**You Had It Coming was sent to me in exchange for an honest review. Thanks to Random Things Tours and Viper Books for having me on the tour.**
WOULD YOU SAVE THE MAN
WHO DESTROYED YOUR LIFE?
When paramedic Megan Lowe is called to the scene of an attempted murder, all she can do is try to save the victim. But as the man is lifted onto a stretcher, she realises she knows him. She despises him. Why should she save his life when he destroyed hers?
Jess Foster is on her way home when she receives a text from Megan. Once best friends, the two women haven’t been close for years, not since the night when they were just the teenage girls whom no one believed; whose reputations were ruined. All Jess can think is, you had it coming.
Now Megan and Jess are at the centre of a murder investigation. But what secrets are they hiding? Can they trust one another? And who really is the victim?
A disturbing twist of fate finds once close friends, Jess and Megan, back at the forefront of police investigations for the murder of William Newson, the defense lawyer who got all charges against the girl’s rapists dropped several years prior to his death.
It’s a dark, twisted, and deeply unsettling read that has your heartbreaking for the girls and their families when the horror of their stories begins to unfold. Their lives were destroyed by taking the case to court. They deserved justice that they never received for the crime we can only assume was committed against them. Carroll has written the girls narratives in such a way that it’s clear something went horribly wrong on the night they were allegedly raped by Thomas Malouf, and his friend Dylan O’Shea, but it’s never proven that they were sexually assaulted. It’s never proven that they were drugged at the party, they only have their memories pointing towards that being the case.
Jess’s family is well-off, which is in stark contrast to her former friend Megan’s family, whose lives were truly torn apart after what happened to her which resulted in financial ruin. Megan’s mother, Roslyn, has never fully moved on from what happened to her. She blames Jess for the death of her beloved husband due to cancer which she’s convinced was caused by the stress from the court case and the demise of his business. At that point, I felt so awful for Roslyn to think of the pain she must’ve experienced from her sexually assaulted, to her husband suffering as horribly as he had. It would be enough to drive anyway crazy. At the same time, I also felt awful for Jess because really, none of what happened to the girls was her fault, Roslyn just needed someone to direct her pain and anger towards. You Had It Coming really highlights the horrendous impact rape cases have on the victim’s families, especially when the verdict is not guilty.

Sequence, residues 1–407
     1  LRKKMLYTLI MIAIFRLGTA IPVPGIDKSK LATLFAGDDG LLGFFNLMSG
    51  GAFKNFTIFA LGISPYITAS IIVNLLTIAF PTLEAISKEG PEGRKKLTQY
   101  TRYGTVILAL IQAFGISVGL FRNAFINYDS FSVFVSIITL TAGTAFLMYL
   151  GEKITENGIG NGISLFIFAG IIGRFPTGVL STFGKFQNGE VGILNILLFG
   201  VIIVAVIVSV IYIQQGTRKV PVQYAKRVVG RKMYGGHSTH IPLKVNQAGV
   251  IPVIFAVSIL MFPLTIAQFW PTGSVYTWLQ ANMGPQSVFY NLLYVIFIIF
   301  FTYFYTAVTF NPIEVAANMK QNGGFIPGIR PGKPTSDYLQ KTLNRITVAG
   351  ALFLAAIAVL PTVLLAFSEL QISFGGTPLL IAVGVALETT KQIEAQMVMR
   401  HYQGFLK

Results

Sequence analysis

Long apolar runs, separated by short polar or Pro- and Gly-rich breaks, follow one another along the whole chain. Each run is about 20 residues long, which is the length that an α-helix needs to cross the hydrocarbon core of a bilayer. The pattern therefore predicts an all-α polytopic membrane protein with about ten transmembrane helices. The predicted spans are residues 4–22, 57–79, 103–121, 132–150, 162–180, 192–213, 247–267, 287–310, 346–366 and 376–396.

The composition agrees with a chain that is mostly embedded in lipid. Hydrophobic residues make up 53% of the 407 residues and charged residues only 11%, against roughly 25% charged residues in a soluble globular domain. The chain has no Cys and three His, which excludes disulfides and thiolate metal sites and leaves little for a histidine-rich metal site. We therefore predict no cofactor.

On top of that, it tore apart the lives of one of the supposed rapists, Dylan O’Shea. Whilst that normally wouldn’t be a cause for concern, it becomes clear that much more happened on that night than anyone first realised. Thomas Malouf was a predator and knew his family would protect him no matter what he did. That toxic reality of his family never believing he could be in the wrong was what gave him the power to do what he did to those girls. There is no forgiveness for that, and he never showed any remorse for his actions making him highly dangerous. It’s a sad, but somewhat realistic tale of what happens in actual rape cases. After reading several in the news myself over the years, it’s typical for cases to be dropped on lack of evidence or the male defendant having more influence over the proceedings. I found myself boiling with rage and hatred for Thomas’s character the more we learned about him. But truthfully, I also hated William Newson’s character as well. His claim that everyone deserved a defense in court just sat so wrongly with me. I couldn’t comprehend how he could defend the indefensible.
The main detective on the case, Bridget, was a fantastic character. Her initial objective stance on the case was slowly being chipped away when she realised how easily this situation could happen to her own daughter. I find it’s that human response to a tragedy that some detectives in psych thrillers seem to miss the mark on, but Bridget didn’t. She really stood out to me as someone who genuinely cared about the outcome of the case, not just for her own benefit but to get some sense of closure for the girls and their families. It was easy to understand her inner turmoil about doing her job by the book vs the actual human cost of what these men had done to these girls. It was interesting to read as she tried to balance the two situations.
It’s not difficult to understand why the families involved in the cases would seek revenge for what they’d been through. No one could blame them for it, not even the detectives on the case – no matter how objective they tried to be. The twist was fantastic and I really felt it added that last bit of ‘oomph’ to the story. This Australian-based psychological thriller can easily keep you on your toes. I really enjoyed it and rate it 4/5 stars.